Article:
Tourism plan

I applaud the recent effort to update Charleston's tourism management plan to ensure that the city is able to continue to work on the delicate balance between neighborhood living and the booming tourism industry.

Interestingly, with the heightened scrutiny on tourism management, emphasis has been placed on further limitations to the way many tourism professionals in the Charleston area conduct business.

It seems to me that these businesses are the very ones that actually manage tourists day to day. From carriages to walking tours to bus tours, these registered guides and business owners are helping to mitigate what could be an army of daily visitors driving, walking and overloading our public streets.

Every time I see a carriage, bus or walking tour go by with 16 to 20 folks, I am grateful that they are visiting Charleston in an organized, well-trained fashion instead of five to eight cars further clogging our thoroughfares.

As we study this aspect of our success, let those entrusted with determining future compromises keep in mind that if we further limit carriages, buses, walking tours, etc., we might be placing more visitors and their vehicles on the streets.

Tony Youmans

Darlington Avenue


Misguided theory

In a May 10 letter, the writer expresses his frustration and disappointment with the inadequate health care provided to veterans in the U.S. I join him in his disappointment, but strongly object to his transference of his frustration to immigrants. He tries to connect a lack of funding for VA hospitals to monies spent to educate and provide health care and social services to non-citizens. He then speculates that these non-citizens will avoid military service when our country needs them.

He could not be more wrong: Putting aside the fact that nearly all legitimate studies have found immigrants to have a net positive economic effect, the facts clearly show that immigrants, today and throughout history, have readily answered our country's call.

According to the Department of Defense, since 2002 more than 92,742 immigrants have become citizens while in the U.S. military, and as of May 2013, 31,128 non-citizens were serving in the military. In 2012, 608,000 veterans were foreign born, and over 700 of the Medal of Honor recipients have been immigrants. And these numbers would be even higher if barriers to entry for certain immigrants were dropped.

Robert A. Condy


Immigration Law Office, LLC

Wappoo Creek Drive


What's the motive?

If you are not guilty of what you are being accused of, then why would you go to so much trouble to avoid being investigated by a grand jury?

I would think you would rush to the highest court to clear your name.

Russell Dowdy

Ceva Drive


Check it out

If you are a registered voter in South Carolina, now is the time (if you don't already know) to find out who your state representative is.

The representative you and your neighbors sent to Columbia to carry out your wishes in legislative matters is elected every two years.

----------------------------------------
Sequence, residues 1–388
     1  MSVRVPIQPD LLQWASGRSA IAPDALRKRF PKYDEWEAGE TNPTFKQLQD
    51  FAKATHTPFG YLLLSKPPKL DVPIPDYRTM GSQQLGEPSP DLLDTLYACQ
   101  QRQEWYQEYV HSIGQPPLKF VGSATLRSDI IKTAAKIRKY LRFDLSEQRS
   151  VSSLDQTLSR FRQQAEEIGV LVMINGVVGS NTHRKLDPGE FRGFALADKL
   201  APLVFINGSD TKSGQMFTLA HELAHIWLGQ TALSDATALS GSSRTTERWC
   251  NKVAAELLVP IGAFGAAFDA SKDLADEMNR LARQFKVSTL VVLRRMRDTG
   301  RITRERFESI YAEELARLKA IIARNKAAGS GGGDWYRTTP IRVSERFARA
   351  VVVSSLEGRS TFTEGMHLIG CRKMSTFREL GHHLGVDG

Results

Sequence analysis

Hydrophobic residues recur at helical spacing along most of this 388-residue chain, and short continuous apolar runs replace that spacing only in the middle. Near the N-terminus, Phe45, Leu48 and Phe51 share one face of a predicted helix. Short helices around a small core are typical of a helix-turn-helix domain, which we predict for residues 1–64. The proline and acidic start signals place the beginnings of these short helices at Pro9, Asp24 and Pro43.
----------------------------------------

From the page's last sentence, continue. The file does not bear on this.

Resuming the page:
There are 124 members of the S.C. House of Representatives. Each one represents 1/124th of the population of South Carolina.

Your representative should be responsive to you, and wants to hear from you about matters of importance in your district.

Now is the time to contact your representative by mail, email or telephone. There has been an amendment placed on a bill that came over from the Senate that would, if passed in the legislative process, denigrate the pristine waters and environmentally irreplaceable wildlife environment of Cap'n Sam's Spit.

It would eliminate the delicate nesting site of the Diamondback Terrapin and pave over with concrete 2,500 feet of the back beach of the Spit where dolphins strand feed - one of the few places on Earth where dolphins exhibit this rare behavior.

Make the call, write the letter, and send the email to your state representative.They love hearing from you because you sent them to Columbia. Believe me, I know.

Sidi Limehouse

Betsy Kerrison Parkway

Johns Island

Follow the money

The May 14 article about rebuilding a seawall at Debordieu, and new development adjacent to Kiawah leaves out one of the most salient facts:

If the U.S. government's Flood Insurance Program were not available, this development would never take place.

The owners and developers are assuming (probably rightly) that they can get federally subsidized insurance for the properties involved.

I can understand the desire of the owners of existing homes at Debordieu to protect what they already have. But to allow developers to build on land that is clearly at risk is unconscionable.

If we cannot (or will not) protect our natural resources from the greed of developers, perhaps we need to convince the National Flood Insurance Program to refuse to accept the new developments into the program.

The flood insurance program is billions of dollars in the hole, and most probably, a "bailout" will be needed to prevent huge increases in premiums in the very near future.

It does seem that we complain loudly about "government intrusion" and "runaway government spending," but when someone with local political influence comes on the scene, we can somehow set these issues aside and foster the profitability of high-risk development while ignoring the concern for our most valuable natural resource, our beautiful coastline.

Fritz Saenger Jr.

Cove Bay Lane

Mount Pleasant